“You can’t manage what you don’t measure" is a management adage typically attributed to W. Edwards Deming. Well it’s as true for business as it is for our health.
Elevation Graph from Trailguru
In my role as a senior manager in a large corporation, I use metrics all the time in my work*. I’ve now undertaken the challenge of applying this same approach to my health statistics. It will not only help me manage and hopefully improve my health, but will be fun in that I get to try out new tools and technologies and share what I find as I go.
Now not everything will be electronic, after all, you’re talking to a guy that carries a fountain pen and Moleskine in addition to an iPhone. It’s an experiment, and will evolve as I try different approaches and hopefully get suggestions from readers.
- Health Log – An analog way of keeping track of food, exercise, sleep and medical statistics. Paperback and about 5×8” (conveniently the same size as my Moleskine), it’s light and not too difficult to keep on a desk or carry in the car. I picked it up on a lark in a stationary store in Mammoth Lakes about a year ago, more for the visual design than for the content. I’ll probably go electronic at some point, but it’s cheap and doesn’t run out of batteries.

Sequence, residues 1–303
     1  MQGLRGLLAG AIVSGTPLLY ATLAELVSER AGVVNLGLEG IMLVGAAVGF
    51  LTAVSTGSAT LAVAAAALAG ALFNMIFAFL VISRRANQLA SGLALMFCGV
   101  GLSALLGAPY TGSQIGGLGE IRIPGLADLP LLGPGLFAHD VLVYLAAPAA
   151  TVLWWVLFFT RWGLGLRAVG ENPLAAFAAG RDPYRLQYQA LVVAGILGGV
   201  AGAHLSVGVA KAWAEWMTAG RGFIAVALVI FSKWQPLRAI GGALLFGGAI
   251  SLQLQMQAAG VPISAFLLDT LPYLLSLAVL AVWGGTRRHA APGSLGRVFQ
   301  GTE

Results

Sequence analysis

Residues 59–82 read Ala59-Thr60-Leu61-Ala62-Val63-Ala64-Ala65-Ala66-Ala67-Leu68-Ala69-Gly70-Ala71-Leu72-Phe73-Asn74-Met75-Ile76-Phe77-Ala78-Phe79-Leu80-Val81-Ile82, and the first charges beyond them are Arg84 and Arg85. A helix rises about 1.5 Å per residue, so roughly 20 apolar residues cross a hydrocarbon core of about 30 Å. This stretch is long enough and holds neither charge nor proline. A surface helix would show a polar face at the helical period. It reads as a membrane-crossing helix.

- DailyPlate.com – So how many calories were in that In-N-Out Cheeseburger? This site can tell you (480) along with plenty of other common food items. It’s been a great way to estimate calories, fat and carb content when nutrition labels are absent. It also provides all sorts of other tools, but I’m not a member of the site.
- FatWatch – An iPhone application that tracks and graphs your weight. Aside from how I feel, how well my pants fit, and how good my wife says I look, it’s the most available metric to monitor.
- Trailguru – An iPhone 3G application and corresponding website that utilizes your phone’s GPS capability to record and plot your outings. It has great statistics such as duration, distance, and ascent as well as charts (see above), map plots and photos you take along the way. And inspired by Fourmilab, I’ve taken to posting my daily walks on Twitter.
* Note: I’m not really a numbers guy. In fact, I believe more strongly in leadership, relationships, and continuos learning–but in a large corporation metrics quantify your success.